[jboss-user] [EJB 3.0] - Re: 10,000 Recorc Per Second (In EJB 3.0)
do-not-reply at jboss.com
Fri Apr 20 08:57:06 EDT 2007
Here is some information from a project I attended a couple of years ago. We operated on a Sun Starfire (Sun Enterprise 10000), totally 32 cpus and 32GB RAM, our domain had 12 cpus and 12 GB RAM. A lot has hapend since then, but still, such computers are not fast when it comes to simple things like database inserts. They are used for extreme load and may calulate a lot of complex stuff.
We hade Oracle on the starfire. On another server we had a Java program doing import stuff to the database.
In our case, on the Starfire, the application perfomed much better when using 5-10 threads than using 20 or 30 of them. (I've read about other persons complaining about how Java 1.4.x scales on multi cpu machines). Note that we used Java 1.4.x here. I don't know about how Java 1.5 or Java 1.6 behave on multi cpu machines.
When we changed the environment to a normal Compaq D180 server (the pizza box) with only 2 Intel Xeon, 1GB RAM having better clock frequency, we got much better performance. I can't remember exactly how much better, but I know we are talking about several 100 percents. We had Java on one server and Oracle on antoher server (also a pizza box, but 4GB RAM). These machines used Windows 2000 Server Std. Edition.
Then we tried to seutp Oracle on a 8 Xeon cpu Dell server 8GB RAM, with Windows 2000 Server Ent. Ed (you had to have ent. ed. to be able to use all processors and all memory). This machine had lower processor speed than the piza box. This configuration gave us worse performance compared to the 2 pizza boxes.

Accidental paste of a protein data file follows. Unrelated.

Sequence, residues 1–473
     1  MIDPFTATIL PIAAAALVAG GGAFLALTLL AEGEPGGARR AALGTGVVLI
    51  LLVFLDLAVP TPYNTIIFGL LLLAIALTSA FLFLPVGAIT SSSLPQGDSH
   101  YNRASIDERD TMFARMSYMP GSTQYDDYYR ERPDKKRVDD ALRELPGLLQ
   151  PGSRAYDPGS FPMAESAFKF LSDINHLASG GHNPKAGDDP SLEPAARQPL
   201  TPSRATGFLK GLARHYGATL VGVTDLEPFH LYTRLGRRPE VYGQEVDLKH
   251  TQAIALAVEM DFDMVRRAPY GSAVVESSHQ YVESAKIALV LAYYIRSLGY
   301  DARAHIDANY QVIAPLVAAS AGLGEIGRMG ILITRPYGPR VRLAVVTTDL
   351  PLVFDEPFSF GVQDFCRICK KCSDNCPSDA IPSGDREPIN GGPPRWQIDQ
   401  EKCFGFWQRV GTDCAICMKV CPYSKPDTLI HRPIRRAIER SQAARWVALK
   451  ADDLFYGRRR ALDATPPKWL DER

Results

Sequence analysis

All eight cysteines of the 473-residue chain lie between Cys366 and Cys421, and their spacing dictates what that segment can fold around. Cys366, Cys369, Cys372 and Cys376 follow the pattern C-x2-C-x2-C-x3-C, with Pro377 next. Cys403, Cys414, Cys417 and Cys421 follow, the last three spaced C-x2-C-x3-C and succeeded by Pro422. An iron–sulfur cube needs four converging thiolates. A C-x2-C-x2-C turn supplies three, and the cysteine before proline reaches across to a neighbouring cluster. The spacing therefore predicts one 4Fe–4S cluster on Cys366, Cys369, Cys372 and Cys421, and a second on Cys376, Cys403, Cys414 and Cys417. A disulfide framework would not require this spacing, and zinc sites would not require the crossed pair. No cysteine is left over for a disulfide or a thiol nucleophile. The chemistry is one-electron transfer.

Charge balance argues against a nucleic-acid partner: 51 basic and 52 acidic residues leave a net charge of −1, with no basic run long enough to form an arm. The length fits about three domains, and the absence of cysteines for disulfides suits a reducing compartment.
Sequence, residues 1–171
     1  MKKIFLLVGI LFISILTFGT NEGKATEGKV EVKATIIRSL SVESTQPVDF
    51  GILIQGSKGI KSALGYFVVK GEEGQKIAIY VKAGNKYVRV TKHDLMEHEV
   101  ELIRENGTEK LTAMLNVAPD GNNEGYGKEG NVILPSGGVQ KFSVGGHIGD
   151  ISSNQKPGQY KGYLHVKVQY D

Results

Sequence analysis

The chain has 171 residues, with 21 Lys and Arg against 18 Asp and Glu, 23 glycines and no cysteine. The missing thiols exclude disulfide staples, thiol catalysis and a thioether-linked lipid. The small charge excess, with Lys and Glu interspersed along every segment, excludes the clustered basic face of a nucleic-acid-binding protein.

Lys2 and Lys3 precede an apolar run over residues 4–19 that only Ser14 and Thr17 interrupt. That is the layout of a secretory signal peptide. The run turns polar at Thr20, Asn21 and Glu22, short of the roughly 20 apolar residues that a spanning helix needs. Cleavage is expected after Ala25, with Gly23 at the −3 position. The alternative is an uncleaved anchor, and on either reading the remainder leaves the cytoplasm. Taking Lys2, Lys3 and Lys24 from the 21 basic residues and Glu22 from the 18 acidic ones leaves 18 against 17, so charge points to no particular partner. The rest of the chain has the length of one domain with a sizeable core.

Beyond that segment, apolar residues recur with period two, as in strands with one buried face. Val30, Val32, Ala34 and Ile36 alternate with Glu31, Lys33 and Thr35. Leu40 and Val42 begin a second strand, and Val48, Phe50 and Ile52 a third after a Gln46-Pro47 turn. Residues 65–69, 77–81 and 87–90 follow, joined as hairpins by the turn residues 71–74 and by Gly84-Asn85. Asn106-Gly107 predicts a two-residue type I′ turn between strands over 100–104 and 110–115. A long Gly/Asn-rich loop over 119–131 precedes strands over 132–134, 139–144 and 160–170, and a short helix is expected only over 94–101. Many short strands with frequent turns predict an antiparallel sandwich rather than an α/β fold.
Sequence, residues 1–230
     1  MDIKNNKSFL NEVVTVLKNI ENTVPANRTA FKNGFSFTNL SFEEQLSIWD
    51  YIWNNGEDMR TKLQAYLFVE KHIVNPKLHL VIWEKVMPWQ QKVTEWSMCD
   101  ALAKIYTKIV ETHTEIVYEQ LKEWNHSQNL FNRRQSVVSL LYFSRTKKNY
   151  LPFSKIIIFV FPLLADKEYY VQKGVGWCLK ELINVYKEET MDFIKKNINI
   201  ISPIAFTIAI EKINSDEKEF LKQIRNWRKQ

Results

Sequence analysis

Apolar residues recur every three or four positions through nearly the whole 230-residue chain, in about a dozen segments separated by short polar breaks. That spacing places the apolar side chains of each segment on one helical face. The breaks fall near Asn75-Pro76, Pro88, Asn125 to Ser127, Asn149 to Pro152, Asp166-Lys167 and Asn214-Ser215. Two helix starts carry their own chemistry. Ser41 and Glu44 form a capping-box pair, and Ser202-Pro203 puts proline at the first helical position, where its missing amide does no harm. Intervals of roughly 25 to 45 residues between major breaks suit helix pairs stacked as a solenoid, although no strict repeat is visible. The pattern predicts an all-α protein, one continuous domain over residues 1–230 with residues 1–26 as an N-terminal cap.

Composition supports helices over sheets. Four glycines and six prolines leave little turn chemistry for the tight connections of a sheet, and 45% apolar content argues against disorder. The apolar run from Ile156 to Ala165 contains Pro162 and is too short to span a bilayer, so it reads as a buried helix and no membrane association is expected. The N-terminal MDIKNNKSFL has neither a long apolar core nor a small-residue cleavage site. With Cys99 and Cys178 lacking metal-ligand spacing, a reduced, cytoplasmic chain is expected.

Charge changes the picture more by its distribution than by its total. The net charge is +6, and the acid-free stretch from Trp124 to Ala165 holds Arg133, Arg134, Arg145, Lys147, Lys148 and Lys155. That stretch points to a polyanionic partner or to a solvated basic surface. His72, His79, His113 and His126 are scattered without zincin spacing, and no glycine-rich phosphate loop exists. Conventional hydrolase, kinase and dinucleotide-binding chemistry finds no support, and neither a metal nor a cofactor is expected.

On all machines we were in contact with Oracle about how to setup the Oracle to get the best performance. One thing Otracle learned me, but this was version 8.1.6, was to setup the chunk size of the disks. When you raid your disks, you shall have as specific chunk size. At least on windows. You shall also have a special raid configuration. From the beginning we had raid 10, but as I can remember you shall use something else.
Best insert performance:
1. import of flat file
2. creating a stored procedure wher you sent a kind of comma separated string.
3. Java - Oracle simple sql prepared statements
4. Java - using simple statements.
What about the network between database and java. Are they running on separate machines. If not you will have a slower system.
Finally, Yes, the OCI drivers are much faster. Ther are communicating directly with the Oracle DB. The non OCI drivers are normally working with the PL/SQL in Oracle - an extra layer on top of the database.
>From Java, rember to turn off auto commit. Ds.
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